How do I go about this?

edwinnaOctober 27, 2005

Hi everyone,

Not sure if any of you will remember or not, but I posted a while back about a co-worker suffering from liver disease.

She's at the end stage now and all she wants is a bath and to have her hair washed. Her family hasn't been very supportive.

Home health is due to start but in the meantime she really wants to be clean.

I'd like to do this for her. I've never done this for anyone before. So, I guess what I'm asking is what do I do? Sponge bath? Try to get her in the tub? Wash her hair in bed? She's very frail and I don't want her to fall if we try to get her in the tub. Also, should I wear gloves? Are there bath products that would be easy on her paper thin skin?

Heck, I'm just a co-worker and friend. I don't want to embarrass her either.

Sorry to be so awkward with this post; it's an awkward situation. Any suggestions on how to go about this would be most appreciated.

Thank you!


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Some nice lavender or if she has a fav scent shower/bath gel. Preheat the bathroom & have a robe & towels nice & roasty toasty warm too. For modesty sake have her keep on a pair of panties. A telephone shower will work for hair washing & shower/bath, a shower chair makes all of this easier on you & her cause she might tire quickly.

Sense of humour will help too.. You're a special angel to want to do this for her & she will greatly appreciate this.

BTW it's not awakward post at all..

    Bookmark   October 27, 2005 at 9:04AM
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Ask around in your group of friends. There may be someone that has worked as a nurse or aid who could help you out for a hour or so. Getting her in and out of the tub could be a problem, but it may be the best and easiest way of washing her hair and making her feel really clean. Since she is so fragile and frail, both of you would be a lot safer if you had someone to help.

    Bookmark   October 27, 2005 at 9:32AM
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A shower bench is nice, esp. if there is a handheld shower wand. That way she can linger under the water without getting worn out. Bless you for assisting her with this. It's nice to feel pampered. (or at least feel "like yourself" again.) Don't forget her favorite lotion for after:)

    Bookmark   October 27, 2005 at 3:19PM
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Her Dr. can recommend a home care nurse to help out. It is very important you know how to handle a person. Too much can happend, and believe me, if she is hurt, her relatives could and probably will sue, no matter now nice they seem.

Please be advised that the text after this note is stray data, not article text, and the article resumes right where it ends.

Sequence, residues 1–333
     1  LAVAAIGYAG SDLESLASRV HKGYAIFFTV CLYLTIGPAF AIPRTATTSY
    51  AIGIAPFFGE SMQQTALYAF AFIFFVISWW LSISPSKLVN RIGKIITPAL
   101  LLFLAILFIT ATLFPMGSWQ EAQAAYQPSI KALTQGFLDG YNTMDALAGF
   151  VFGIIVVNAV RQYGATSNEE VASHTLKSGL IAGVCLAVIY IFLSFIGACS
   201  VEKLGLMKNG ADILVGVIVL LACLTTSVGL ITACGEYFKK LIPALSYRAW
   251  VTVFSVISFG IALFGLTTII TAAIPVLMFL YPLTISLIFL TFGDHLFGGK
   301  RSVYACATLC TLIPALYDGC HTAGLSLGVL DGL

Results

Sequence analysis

Cotact the Visiting Nurse assoction or hospice care for help.

    Bookmark   October 27, 2005 at 4:36PM
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Thank you for the advice and great suggestions. Marie, your point is well taken. It's sad that these days people have to consider the possibility of a lawsuit when all they are trying to do is help.

Her doctor has been asked to prescribe home health care; we're just waiting for it to begin. In the meantime, perhaps it would be prudent to stick to a sponge bath, wash her hair in bed as best we can and rub her down with a nice, soothing scented lotion.

Thank you everyone for your responses. Your input and ideas really did help.



    Bookmark   October 28, 2005 at 1:39AM
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Edwinna, what a great friend you are! Just you thinking of wanting to help out makes me want to cry (good tears!!). My Al cannot get in and out of the tub, so he sponge baths. Also, i wash his hair in the kitchen sink (wheelchair pushed up to the sink, botton cupboard doors open, hand held telephone srayer attached to the taps, but i don't know where you live, but we had a mobile hair dresser come to the house and wash his hair and cut it, she washed his hair in bed, they have experience coming into the hospital as well, the cost was about 20.00, and so nice that he didn't have to get out of bed (this was about 2 weeks of being at home after he had his leg amputated) so i know they were gentle. Also Marie, is right people will sue for the stupidest reasons, right now we are going through this one -- Al's Uncle Paul passed away, we were offered his electric wheelchair, nice, you bed, but... we must get a letter from a facilitator saying that this wheelchair is appropriate (good idea) and that it is safe for him and others around him --cost of this letter is about 200.00!!! needless to say the estate can have the wheelchair, i'm too tired to do all this, Al even says it's not worth it! Again, i am impressed with you being a true friend! debbie